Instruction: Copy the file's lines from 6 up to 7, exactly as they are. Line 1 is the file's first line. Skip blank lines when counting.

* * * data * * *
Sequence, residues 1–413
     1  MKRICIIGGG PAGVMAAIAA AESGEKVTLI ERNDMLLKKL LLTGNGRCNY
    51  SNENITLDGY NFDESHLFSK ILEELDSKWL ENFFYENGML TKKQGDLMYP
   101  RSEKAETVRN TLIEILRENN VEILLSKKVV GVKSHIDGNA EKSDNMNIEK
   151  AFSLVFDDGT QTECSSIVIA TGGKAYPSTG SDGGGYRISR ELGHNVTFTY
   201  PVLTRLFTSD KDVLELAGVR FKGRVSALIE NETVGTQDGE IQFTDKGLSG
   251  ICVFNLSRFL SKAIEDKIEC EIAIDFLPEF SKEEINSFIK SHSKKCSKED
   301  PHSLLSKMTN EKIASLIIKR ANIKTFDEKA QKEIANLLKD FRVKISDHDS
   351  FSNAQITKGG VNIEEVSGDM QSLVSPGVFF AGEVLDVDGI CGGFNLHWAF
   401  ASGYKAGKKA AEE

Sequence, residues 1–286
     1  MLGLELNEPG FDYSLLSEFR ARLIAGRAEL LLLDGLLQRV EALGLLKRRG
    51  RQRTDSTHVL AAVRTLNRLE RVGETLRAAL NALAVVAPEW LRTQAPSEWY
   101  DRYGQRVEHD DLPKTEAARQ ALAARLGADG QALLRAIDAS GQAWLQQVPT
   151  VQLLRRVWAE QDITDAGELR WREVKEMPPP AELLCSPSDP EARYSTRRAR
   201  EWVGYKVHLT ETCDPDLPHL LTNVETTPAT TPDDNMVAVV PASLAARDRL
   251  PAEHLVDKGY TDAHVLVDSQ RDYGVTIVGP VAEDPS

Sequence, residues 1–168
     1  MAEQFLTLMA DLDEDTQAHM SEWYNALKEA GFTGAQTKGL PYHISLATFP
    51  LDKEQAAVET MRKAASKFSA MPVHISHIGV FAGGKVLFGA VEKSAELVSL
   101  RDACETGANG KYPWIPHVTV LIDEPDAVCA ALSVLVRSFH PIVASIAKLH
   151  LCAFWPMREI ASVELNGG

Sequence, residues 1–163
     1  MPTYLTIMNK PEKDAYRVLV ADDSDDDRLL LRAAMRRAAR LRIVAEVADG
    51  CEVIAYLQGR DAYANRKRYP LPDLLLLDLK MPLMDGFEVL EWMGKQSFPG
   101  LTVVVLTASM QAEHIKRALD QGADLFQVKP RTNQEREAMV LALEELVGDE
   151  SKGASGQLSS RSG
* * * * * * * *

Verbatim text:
   201  PVLTRLFTSD KDVLELAGVR FKGRVSALIE NETVGTQDGE IQFTDKGLSG
   251  ICVFNLSRFL SKAIEDKIEC EIAIDFLPEF SKEEINSFIK SHSKKCSKED